Re­tirees sad­dled with kids’ costs

China Daily (Hong Kong) - - NATION / HK - By GAO CHANGXIN in Shang­hai gaochangxin@chi­nadaily.com.cn

If you’re re­tir­ing in China, you can pretty much for­get about the va­ca­tion house in Mi­ami Beach, the trips to Europe and the 18-hole golf cour­ses.

While some of your more for­tu­nate coun­ter­parts in the West might en­joy such lux­u­ries, chances are that when you re­tire here, you will still have to sup­port your kids.

Li Quan, 57, a Shang­hai res­i­dent, said he never dreamed of own­ing a beach house. He re­tired three years ago, and has been help­ing pay his son’s mort­gage while hold­ing weekly fam­ily din­ners with his re­tired wife.

Work­ing at a US com­pany, the 32-year-old son is by no means a slacker. In fact, the ju­nior Li is among the more suc­cess­ful of his age group, mak­ing $ 1,000-$ 1,500 a month, de­pend­ing on perks, and look­ing at a bright fu­ture up the cor­po­rate lad­der.

It’s just that, as a new hus­band, he is find­ing him­self be­hind on bills and stretch­ing to pro­vide for his fam­ily in a city where home prices are more than 28 times the me­dian an­nual house­hold in­come.

“There is no shame in it. It’s the re­al­ity here,” said the elder Li. “It’s your son, so you’ve got to do what you’ve got to do.”

Li is far from alone in China, as HSBC Life Insurance Co found out. In a sur­vey pub­lished on Tues­day, the in­surer said that more than four in five — 76 per­cent — of wage-earn­ers in the Chi­nese main­land ex­pect to sig­nif­i­cantly fund fam­ily mem­bers af­ter re­tire­ment.

Among those al­ready re­tired, more than seven in 10 — 71 per­cent — are bur­dened with fam­ily fi­nan­cial re­spon­si­bil­i­ties, beat­ing the global av­er­age of 45 per­cent.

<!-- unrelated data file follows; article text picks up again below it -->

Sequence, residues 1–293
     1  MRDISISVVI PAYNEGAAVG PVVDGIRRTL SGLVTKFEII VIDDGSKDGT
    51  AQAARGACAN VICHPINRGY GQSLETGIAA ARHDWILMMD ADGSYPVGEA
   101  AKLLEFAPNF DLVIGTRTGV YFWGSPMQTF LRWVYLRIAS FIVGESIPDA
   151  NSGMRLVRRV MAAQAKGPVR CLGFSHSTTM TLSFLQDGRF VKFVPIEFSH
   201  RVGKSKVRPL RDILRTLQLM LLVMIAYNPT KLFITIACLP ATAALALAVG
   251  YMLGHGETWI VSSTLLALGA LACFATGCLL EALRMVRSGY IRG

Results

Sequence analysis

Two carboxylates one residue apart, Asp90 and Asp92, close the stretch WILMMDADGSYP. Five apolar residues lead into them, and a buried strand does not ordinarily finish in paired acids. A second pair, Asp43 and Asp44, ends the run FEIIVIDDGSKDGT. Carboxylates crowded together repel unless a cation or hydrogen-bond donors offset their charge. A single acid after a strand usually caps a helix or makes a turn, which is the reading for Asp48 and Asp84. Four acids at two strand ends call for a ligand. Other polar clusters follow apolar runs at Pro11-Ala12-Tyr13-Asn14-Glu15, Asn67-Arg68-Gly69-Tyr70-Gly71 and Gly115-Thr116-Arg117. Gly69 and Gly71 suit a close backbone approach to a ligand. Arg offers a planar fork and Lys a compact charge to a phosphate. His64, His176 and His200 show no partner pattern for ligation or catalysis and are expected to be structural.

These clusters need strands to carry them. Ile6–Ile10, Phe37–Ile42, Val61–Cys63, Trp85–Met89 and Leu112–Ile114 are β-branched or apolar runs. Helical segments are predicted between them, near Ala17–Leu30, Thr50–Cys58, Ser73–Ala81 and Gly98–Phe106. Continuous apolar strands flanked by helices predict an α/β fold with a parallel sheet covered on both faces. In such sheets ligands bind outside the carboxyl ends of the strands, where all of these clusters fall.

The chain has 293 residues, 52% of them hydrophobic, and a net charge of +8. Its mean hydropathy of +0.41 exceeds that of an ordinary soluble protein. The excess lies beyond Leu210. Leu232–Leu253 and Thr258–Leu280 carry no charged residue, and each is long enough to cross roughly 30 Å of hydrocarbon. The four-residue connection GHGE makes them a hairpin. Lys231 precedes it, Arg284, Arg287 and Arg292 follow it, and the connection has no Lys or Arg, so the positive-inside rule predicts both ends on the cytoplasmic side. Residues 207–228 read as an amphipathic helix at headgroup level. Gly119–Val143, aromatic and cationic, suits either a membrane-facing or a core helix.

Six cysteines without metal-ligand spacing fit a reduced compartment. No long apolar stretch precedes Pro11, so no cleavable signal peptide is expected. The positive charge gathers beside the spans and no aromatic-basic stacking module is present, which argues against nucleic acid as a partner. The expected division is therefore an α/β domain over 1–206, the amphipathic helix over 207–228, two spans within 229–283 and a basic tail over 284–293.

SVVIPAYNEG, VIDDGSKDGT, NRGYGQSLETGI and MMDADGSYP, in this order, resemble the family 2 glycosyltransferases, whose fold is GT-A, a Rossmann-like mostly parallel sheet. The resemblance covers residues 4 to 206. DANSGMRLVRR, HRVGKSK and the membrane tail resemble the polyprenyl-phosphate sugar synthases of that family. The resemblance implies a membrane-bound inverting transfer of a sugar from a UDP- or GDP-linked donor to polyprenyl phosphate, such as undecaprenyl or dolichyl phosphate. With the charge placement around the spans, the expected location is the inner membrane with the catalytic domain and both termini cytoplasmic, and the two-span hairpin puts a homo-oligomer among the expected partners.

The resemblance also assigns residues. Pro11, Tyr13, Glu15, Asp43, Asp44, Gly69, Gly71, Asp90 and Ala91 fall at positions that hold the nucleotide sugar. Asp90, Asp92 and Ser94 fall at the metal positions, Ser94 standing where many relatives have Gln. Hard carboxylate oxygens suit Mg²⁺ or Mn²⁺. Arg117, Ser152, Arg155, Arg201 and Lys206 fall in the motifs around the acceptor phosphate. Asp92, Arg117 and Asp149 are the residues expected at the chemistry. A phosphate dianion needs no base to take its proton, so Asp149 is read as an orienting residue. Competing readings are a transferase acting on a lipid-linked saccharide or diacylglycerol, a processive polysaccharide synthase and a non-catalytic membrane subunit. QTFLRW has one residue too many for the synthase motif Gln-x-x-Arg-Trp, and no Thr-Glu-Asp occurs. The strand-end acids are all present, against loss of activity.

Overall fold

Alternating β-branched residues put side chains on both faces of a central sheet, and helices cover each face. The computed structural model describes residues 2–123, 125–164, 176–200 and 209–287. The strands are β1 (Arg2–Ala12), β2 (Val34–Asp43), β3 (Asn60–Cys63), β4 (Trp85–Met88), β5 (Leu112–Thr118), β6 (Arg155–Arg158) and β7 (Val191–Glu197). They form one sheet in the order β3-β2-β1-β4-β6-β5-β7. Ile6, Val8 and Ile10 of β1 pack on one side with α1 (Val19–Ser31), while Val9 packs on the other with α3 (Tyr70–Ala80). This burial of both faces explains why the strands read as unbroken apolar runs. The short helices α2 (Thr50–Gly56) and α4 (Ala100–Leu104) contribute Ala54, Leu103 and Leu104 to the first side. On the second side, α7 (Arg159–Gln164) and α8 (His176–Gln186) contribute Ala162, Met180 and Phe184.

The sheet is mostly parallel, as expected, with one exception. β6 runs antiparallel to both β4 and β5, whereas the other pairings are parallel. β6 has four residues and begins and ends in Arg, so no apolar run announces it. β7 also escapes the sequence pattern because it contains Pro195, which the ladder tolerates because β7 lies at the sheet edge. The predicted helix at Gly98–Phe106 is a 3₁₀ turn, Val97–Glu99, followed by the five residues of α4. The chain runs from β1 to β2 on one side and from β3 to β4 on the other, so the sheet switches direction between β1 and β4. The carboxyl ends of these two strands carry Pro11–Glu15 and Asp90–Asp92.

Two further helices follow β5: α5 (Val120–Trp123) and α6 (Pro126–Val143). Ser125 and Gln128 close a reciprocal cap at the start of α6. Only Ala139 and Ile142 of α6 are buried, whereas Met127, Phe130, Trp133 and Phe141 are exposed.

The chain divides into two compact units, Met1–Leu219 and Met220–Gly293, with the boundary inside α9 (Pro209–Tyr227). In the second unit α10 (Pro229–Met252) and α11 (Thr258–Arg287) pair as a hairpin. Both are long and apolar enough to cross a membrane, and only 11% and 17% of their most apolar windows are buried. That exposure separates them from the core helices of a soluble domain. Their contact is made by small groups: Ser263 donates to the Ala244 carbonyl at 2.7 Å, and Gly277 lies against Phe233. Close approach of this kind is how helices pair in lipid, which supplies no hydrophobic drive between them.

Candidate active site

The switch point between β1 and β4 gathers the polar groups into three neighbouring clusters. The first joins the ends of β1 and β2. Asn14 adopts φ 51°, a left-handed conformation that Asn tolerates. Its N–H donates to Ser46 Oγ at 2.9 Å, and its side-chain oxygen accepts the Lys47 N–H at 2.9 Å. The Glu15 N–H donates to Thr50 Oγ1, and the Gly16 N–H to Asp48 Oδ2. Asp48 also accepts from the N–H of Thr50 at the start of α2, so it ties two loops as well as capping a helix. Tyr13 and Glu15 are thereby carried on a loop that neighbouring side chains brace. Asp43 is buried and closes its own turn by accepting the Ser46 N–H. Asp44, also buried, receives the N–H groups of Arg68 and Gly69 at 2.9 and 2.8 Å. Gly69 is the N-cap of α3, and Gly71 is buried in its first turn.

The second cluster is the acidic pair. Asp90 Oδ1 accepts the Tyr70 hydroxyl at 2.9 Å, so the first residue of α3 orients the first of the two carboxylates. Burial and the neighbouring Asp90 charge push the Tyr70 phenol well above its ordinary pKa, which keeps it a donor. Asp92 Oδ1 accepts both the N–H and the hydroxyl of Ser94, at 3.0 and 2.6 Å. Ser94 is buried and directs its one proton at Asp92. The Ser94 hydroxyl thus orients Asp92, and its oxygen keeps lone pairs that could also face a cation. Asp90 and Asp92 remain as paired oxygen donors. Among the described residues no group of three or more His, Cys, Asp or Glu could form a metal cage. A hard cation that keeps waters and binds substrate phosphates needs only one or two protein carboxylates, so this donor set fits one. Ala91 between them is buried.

The sur­vey polled more than 16,000 peo­ple in 15 mar­kets, with more than 1,000 re­spon­dents from the Chi­nese main­land.

About 59 per­cent of peo­ple who are still work­ing ex­pect to sup­port their chil­dren fi­nan­cially dur­ing re­tire­ment. Another 10 per­cent ex­pect to sup­port both their chil­dren and their grand­chil­dren. And about 32 per­cent say they ex­pect to sup­port both their grand­chil­dren and their par­ents.

Of those al­ready re­tired, 40 per­cent are sup­port­ing their chil­dren, 28 per­cent their par­ents and 9 per­cent their grand­chil­dren, the sur­vey found.

“To­day’s de­mand­ing work en­vi­ron­ment drives the as­pi­ra­tion for a com­fort­able and re­lax­ing re­tire­ment,” said Jim Costello, HSBC Life’s ap­pointed CEO des­ig­nate.

“Fund­ing of de­pen­dents in re­tire­ment is com­mon within the Chi­nese main­land, and this fac­tor will con­tinue to be a ma­jor con­sid­er­a­tion in re­tire­ment plan­ning,” Costello said.

He added that the gap be­tween re­tire­ment ex­pec­ta­tions and re­al­ity has re­sulted in re­tirees’ sac­ri­fic­ing their per­sonal de­sires.

Chi­nese par­ents are more will­ing to make that sac­ri­fice than their Western coun­ter­parts, said Yu Hai, a pro­fes­sor of the so­ci­ol­ogy depart­ment at Fu­dan Univer­sity in Shang­hai.

The well-be­ing of chil­dren is cul­tur­ally em­bed­ded in the minds of Chi­nese par­ents, he said.

“In fact, to­day in China, the com­mon thing is for par­ents to chip in for a child’s home. Not chip­ping in is un­com­mon.”

That’s if the par­ents have the fi­nan­cial means to con­trib­ute. If they don’t, they are more will­ing to open their doors to the younger gen­er­a­tion, and the chil­dren move in for the eco­nomic ad­van­tage.

To­day’s dif­fi­cult eco­nomic re­al­ity, com­bined with par­ents’ will­ing­ness to pro­vide, has cre­ated a grow­ing group of “mama’s boys” who turn to their par­ents for sup­port, Yu said.

A 2011 sur­vey by Shang­hai’s fam­ily plan­ning au­thor­i­ties found that about 30 per­cent of young mar­ried cou­ples live with their el­ders.

Wage in­creases in China since the coun­try’s open­ing-up in the 1980s hardly meet the growth of home prices. And a leaky so­cial se­cu­rity net re­quires peo­ple to save ex­tra money be­yond what is needed for a house.

All this com­bines to make an ar­du­ous life for young peo­ple who are try­ing to start fam­i­lies of their own.

In Hong Kong, where home prices and pop­u­la­tion den­sity are among the world’s high­est, more than 90 per­cent of new grad­u­ates live with their par­ents, ac­cord­ing to lo­cal me­dia re­ports. All in all, in many cases, not much money is left for fun af­ter re­tire­ment.

In re­sponse, more re­tirees th­ese days are seek­ing con­tin­ued in­come through another job, rather than re­lax­ation. And the gov­ern­ment may help.

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